Many of you have undoubtedly heard and/or seen a small boat with a large “water cannon” sprayer on the front out on the waters of Lake Gaston and Kerr Lake. The “crew” have repeatedly jammed a large t-shaped pipe into the ground (seen above), pulling up endless amounts of mucky sediment as if searching for gold. However, it isn’t prospectors out looking for their own fortunes, but rather scientists assessing the current state of Hydrilla in various areas across the lake. As many of you undoubtedly know, the actual plant biomass is above the sediment so you may be asking yourselves; “Why in the world are they looking in the mud?” The answer to tracking hydrilla in the long term is actually all about the “mud”, or better put, what is IN the sediment.

As we have discussed in weeks past, the key to hydrilla’s survival from year to year has very little to do with the actual plant material itself. The key is actually all about tubers, the survival structures produced by hydrilla annually on its root system (See “The Dormant Demon: Why Hydrilla Tubers May Mean Control, Not Eradication”). It is actually these tubers, more specifically their numbers and how they are acting, that can tell us a lot about the success of a management plan. In last week’s article, we discussed a new approach to management on Lake Gaston specifically regarding the multiple year treatment of the same sites. So how exactly do we judge if we are going in the right direction with such a plan? The answer is tuber monitoring of course.

Assessing the number of tubers in an area is extremely important as it can give us an idea of how many “potential” plants we have lying dormant for the following years growing season. If tuber numbers are high in a given area, then that area more than likely needs continued management in future years. If tuber numbers are low, then that area could potentially be controlled by other means (grass carp, spot treatment, etc.) rather than an area wide treatment. Because we aren’t able to sample every square inch of an area, we rely on tuber sampling in an area about 3 feet across and 3 feet long at multiple sites in an area and extrapolate across the entire site. As we monitor tuber numbers in the spring and fall of each year, we are able to see what tubers are available to sprout before hydrilla begins growing, and more importantly, what is left over at the end of the growing season to start new growth the following year.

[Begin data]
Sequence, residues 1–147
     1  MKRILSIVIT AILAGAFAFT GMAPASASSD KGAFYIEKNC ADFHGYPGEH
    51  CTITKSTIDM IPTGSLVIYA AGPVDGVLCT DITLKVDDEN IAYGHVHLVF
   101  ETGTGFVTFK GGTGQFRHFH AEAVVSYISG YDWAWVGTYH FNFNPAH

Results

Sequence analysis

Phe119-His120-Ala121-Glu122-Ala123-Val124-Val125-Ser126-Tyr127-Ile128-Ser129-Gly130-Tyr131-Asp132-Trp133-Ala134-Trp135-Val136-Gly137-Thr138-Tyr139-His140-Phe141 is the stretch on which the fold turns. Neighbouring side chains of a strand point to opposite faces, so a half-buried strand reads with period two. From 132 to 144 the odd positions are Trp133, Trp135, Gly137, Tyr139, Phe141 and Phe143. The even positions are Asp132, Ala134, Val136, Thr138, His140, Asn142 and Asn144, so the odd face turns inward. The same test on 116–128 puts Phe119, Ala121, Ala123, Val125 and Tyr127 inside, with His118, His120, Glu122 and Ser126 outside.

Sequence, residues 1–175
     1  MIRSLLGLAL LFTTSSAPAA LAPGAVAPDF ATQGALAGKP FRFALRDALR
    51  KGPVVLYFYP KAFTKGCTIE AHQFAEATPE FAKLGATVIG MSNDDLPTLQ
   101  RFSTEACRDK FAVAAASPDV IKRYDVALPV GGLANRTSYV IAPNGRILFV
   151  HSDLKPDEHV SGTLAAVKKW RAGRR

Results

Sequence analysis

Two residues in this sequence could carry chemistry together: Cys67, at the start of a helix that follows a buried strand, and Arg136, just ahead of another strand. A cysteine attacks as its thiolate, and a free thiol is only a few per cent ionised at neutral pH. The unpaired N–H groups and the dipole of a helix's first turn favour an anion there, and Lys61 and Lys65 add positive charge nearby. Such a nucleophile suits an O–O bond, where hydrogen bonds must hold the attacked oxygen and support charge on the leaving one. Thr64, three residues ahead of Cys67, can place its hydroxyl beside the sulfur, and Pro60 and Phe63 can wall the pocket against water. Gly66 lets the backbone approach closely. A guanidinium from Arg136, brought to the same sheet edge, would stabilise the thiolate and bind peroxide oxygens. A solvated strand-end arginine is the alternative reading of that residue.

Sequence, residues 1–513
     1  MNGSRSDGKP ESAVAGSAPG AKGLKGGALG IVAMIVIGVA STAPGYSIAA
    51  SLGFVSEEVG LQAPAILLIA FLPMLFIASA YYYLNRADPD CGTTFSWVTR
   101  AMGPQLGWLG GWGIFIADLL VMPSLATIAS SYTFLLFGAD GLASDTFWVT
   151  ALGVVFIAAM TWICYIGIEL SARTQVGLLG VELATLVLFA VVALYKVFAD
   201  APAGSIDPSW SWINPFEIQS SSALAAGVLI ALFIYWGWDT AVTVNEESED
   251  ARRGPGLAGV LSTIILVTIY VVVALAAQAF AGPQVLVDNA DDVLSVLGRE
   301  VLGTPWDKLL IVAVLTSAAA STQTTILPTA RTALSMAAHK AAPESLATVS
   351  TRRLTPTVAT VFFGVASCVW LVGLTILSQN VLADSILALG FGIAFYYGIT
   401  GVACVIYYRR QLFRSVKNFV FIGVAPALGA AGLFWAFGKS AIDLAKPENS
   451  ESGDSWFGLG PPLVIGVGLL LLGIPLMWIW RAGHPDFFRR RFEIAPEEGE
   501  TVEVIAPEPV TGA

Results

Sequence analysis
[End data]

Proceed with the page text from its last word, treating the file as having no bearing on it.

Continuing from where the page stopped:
Also important in tuber monitoring is checking the sprouting rate of tubers in an area to be treated. If sprouting rates remain low, then tuber numbers are at levels substantial enough to regenerate a stand of hydrilla annually. If sprouting rates are high and remain high, then the plant is most likely requiring the majority of tubers annually for stand regeneration.

As we continue with our monitoring of tubers within long term treatment areas, tuber numbers and sprouting rate will let us know just how our plan is working, and more importantly, when we can potentially STOP treatment on those areas and let other factors take hold. Keeping tubers numbers low and sprouting rates high should pave the way for reducing hydrilla overall in legacy sites such as Lake Gaston. So the next time you see a group endlessly pulling up mud and washing it, you’ll know that the “tuber team” is working to reduce hydrilla in YOUR neighborhood.

Next time we will take a break from Hydrilla and talk a little about topics suggested by readers. If you have a topic request, question, etc. please email to bmhartis@ncsu.edu.

If you have questions please contact your Aquatic Extension Associate, Brett M. Hartis, at (919)-515-5648 or email at bmhartis@ncsu.edu.